a Hindu or Hindutva terrorist.
It is important to locate the actor and his act, the terrorist and his terror, in the context he is claiming to speak for. Gavrilo Princip was a Serbian assassin, not a Christian or European assassin. Velupillai Prabhakaran was a Tamil extremist, not a Sri Lankan or South Asian extremist.
Why is this name-calling, and it is literally name-calling, crucial? Terrorism needs to be met at various levels — by security forces and the law; by political responses, insofar as these are possible; and by isolating the terrorist from the community he says he represents, and the majority of which may have a different interpretation of the text, the faith, the religion or the larger group identity he uses as his inspiration.
The Khalistan phenomenon was neutralised in Punjab not just by the police but also by ordinary Jat Sikhs turning against the “boys” and seeing their extortion, blackmail, senseless violence and harassment of young women as antithetical to the teachings of the Gurus. If most Hindus and Muslims in India are not terrorists it is not because they are scared of Mr Shinde, his home secretary and his police — it is because they feel that those who carry out acts of violence in the name of Hinduism and Islam are wrong.
Second, if innocent Muslims were indeed accused of terrorism and detained by the police, then it is a matter of shame for every Indian. More than anything else, the government and police that carried out such shoddy and prejudiced investigation need to be asked questions and need to apologise. It is worth noting that of the three incidents Mr Shinde cited, two occurred in Congress-run states (Maharashtra and Andhra Pradesh). Perhaps party spokespersons should direct some of their contemplation inwards rather than at the Opposition.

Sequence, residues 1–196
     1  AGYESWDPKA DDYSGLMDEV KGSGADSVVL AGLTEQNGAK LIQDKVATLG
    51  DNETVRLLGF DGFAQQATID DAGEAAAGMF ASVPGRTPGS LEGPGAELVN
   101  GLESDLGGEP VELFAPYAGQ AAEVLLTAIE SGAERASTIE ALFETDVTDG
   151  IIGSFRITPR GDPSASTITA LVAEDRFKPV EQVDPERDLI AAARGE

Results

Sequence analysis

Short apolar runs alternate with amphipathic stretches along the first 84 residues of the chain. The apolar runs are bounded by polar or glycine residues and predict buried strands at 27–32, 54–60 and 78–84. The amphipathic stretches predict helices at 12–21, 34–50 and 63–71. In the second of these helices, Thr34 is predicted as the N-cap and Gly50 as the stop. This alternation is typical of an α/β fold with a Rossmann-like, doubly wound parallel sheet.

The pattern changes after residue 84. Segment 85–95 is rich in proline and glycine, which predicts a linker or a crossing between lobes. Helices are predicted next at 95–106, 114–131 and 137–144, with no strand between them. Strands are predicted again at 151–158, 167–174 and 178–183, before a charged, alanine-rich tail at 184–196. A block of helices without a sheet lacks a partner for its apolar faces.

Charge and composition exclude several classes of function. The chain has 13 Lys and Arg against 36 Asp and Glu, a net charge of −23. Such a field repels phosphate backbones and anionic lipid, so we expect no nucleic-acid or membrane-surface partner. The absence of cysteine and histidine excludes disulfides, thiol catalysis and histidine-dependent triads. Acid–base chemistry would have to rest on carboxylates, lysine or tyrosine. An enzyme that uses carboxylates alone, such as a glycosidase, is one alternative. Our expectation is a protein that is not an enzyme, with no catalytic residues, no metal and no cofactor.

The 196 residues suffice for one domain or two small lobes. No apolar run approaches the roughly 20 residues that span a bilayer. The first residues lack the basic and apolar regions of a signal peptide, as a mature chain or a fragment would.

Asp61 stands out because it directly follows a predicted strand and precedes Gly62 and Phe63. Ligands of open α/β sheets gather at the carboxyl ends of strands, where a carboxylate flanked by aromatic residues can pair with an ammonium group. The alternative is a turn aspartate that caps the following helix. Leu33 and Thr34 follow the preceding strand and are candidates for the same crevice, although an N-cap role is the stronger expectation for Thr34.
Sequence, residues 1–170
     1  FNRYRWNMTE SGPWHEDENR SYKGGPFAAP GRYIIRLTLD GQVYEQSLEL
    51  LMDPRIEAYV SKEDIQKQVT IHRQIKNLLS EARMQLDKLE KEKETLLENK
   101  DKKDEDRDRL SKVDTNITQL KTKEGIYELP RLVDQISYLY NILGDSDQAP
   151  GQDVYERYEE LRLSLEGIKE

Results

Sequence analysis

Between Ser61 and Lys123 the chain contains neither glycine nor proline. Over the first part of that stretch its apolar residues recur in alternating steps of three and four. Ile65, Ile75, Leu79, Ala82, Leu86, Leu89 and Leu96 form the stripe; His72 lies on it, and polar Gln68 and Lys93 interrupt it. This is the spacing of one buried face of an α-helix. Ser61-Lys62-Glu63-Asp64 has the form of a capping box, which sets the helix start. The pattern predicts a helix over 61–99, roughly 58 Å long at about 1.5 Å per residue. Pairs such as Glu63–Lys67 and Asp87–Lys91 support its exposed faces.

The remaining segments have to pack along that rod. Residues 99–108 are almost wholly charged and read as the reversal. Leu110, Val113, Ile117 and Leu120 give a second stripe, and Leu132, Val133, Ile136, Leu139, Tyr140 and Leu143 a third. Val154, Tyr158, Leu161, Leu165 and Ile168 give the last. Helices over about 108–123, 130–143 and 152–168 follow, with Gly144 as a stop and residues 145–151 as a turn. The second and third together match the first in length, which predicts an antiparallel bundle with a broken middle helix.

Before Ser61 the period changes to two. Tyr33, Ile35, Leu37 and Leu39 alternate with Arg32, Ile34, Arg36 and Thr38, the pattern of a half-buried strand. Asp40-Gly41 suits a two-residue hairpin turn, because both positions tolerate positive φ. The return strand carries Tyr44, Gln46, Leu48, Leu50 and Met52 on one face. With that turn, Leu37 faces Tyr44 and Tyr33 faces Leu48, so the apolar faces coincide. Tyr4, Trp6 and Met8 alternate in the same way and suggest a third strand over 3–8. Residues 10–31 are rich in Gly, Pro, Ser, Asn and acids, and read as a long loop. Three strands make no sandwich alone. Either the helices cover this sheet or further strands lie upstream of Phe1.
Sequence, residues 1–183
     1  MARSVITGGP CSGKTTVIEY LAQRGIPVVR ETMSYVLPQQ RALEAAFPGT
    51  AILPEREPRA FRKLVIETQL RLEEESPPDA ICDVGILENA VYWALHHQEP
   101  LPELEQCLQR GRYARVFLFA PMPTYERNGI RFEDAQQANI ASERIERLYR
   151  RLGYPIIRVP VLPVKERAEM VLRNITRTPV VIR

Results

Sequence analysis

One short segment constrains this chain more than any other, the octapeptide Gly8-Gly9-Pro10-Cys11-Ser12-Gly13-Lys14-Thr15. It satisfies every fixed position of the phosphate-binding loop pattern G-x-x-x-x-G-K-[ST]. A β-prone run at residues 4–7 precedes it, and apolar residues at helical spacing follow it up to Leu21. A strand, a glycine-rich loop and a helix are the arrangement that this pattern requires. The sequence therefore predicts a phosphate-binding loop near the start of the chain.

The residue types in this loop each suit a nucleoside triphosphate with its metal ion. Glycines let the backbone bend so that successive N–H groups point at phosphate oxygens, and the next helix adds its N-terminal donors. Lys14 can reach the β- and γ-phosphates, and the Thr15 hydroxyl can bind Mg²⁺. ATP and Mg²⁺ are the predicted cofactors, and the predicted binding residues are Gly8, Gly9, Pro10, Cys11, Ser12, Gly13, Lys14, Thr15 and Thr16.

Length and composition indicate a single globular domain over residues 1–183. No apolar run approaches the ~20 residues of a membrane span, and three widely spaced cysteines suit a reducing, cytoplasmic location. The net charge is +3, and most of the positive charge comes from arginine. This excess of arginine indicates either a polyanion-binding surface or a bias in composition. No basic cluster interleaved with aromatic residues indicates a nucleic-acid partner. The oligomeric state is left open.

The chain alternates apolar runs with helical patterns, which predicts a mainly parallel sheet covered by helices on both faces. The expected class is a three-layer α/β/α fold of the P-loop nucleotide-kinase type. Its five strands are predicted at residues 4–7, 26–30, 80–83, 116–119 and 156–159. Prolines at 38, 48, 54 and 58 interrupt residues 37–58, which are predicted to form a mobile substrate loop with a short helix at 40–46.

As for the Samjhauta Express bombing — for which the UN Security Council’s Al-Qaeda and Taliban Sanctions Committee still lists one Arif Qasmani, a Pakistan-based “chief coordinator” of the Lashkar-e-Tayyaba (LeT), as responsible — the government needs to come out with a clear-cut explanation as to what it knows, irrespective of who is to blame, Hindu or Muslim. This clarity has been lacking so far.
Third, the casual and irresponsible manner in which the home minister has spoken — and for which he has been publicly congratulated by LeT godfather Hafeez Saeed — is telling of the regrettable politicisation of national security. After the 1993 Mumbai bombings, Indian diplomats tried hard to convince their international interlocutors that these were acts of terror. The Americans, at least, were not convinced and insisted this was part of the usual communal-riot, religious-disturbance narrative of Indian society. It took years to change that perception. Must Mr Shinde and the UPA government undo it and pretend terrorism is domestic politics by other means?